Neill Fronde

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FILE PHOTO: 3 managers involved in the Kolour superspreader event have been charged.

As Thailand still wrestles to control the third wave of Covid-19, much of which stems from entertainment venues in Bangkok and a massive party in Phuket, Patong police announced that the managers of the Phuket venues that hosted the Kolour superspreader event will be charged under the Emergency Decree. The case report was filed with the public prosecutor yesterday according to the Patong police chief, confirming that 3 people will be prosecuted for the event.

The Kolour Beachside Festival was held April 2 and 3 with events at Café Del Mar Phuket in Kamala, and Shelter Phuket Dance and Night Club and Illuzion Nightclub, both in Patong. Before the festival, Phuket had gone more than a hundred days without any new Covid-19 infections, but by April 7 the Phuket provincial Public Health office announced 8 new infections, half of which had been at the Kolour parties. In the following weeks, officials plead for attendees to be tested as infections spread.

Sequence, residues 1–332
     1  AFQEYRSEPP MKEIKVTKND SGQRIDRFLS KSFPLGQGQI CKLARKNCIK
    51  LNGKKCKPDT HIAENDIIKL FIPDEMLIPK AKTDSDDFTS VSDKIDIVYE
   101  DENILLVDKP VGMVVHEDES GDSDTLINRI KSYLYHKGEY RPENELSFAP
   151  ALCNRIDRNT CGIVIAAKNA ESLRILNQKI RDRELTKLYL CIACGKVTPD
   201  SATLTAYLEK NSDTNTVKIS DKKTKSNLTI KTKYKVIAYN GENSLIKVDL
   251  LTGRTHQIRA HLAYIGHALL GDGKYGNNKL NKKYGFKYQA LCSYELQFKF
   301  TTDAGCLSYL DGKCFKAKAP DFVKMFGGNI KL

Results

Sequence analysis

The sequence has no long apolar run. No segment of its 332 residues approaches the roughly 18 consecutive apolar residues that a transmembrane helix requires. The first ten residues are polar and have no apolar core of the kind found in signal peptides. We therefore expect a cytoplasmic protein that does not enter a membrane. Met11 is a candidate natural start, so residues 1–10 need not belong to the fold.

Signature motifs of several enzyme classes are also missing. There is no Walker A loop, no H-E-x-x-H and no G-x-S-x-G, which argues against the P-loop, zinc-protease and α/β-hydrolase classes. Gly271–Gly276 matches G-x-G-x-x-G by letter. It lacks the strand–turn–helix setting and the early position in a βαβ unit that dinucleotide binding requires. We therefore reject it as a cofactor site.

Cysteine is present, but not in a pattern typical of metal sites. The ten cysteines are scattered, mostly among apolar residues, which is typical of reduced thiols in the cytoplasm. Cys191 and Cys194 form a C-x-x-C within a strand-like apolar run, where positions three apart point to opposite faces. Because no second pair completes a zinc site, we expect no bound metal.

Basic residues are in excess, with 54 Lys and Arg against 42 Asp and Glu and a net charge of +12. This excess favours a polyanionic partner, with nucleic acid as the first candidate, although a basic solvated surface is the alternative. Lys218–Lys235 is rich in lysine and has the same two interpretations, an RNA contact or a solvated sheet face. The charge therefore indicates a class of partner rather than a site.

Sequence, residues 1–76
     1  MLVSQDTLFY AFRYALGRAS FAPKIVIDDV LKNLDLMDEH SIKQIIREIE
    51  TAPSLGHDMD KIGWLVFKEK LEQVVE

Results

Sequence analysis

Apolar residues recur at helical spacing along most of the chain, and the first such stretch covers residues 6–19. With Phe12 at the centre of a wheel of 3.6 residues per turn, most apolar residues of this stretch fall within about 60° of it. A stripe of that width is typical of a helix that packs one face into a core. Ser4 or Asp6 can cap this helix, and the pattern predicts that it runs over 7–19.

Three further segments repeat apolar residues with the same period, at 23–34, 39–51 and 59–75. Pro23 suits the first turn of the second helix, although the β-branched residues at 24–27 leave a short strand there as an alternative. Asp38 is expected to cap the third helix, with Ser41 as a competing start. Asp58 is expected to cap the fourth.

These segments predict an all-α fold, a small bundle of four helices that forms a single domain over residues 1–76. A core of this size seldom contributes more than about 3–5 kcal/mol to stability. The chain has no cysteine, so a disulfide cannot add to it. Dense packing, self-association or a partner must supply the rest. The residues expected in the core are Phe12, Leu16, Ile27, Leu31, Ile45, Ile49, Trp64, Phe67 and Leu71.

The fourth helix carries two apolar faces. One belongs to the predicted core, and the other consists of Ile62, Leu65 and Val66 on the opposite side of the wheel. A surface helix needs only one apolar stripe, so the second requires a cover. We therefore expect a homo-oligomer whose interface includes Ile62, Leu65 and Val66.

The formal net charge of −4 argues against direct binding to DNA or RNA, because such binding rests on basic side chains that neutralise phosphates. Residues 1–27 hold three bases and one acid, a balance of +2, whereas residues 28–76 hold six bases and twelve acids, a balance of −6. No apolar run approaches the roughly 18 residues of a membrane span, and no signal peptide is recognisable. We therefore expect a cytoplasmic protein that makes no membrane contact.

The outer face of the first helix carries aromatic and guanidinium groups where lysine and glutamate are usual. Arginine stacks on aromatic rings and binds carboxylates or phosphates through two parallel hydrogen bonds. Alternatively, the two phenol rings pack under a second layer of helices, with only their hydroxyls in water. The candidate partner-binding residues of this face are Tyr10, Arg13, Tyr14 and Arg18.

Charges were delayed in being filed to the Phuket Public Prosecutor’s office as a special investigation committee was ordered to be created to oversee the investigation at the request of Region 8’s Police Commander. That committee brought together officials from various law enforcement in the area including the Patong Police, Kamala Police, Phuket Provincial Police, and the Region 8 Police to investigate the Kolour event before anyone was charged.

The manager of Café Del Mar, along with the managing director and the manager of Shelter and Illuzion, which are under the same management team, will be charged for the Kolour festival violating Thailand’s Emergency Decree that was declared to help protect the country from Covid-19 outbreaks. A breach of the Emergency Decree can be held liable for up to 40,000 Baht and 2 years in jail under Section 9 of the Decree.

The latter 2 are also facing charges of operating an unlicensed entertainment venue. This carries the possibility of another year in prison and a fine of up to 60,000 baht, in accordance with Thai Law under Section 26 of the Entertainment Place Act.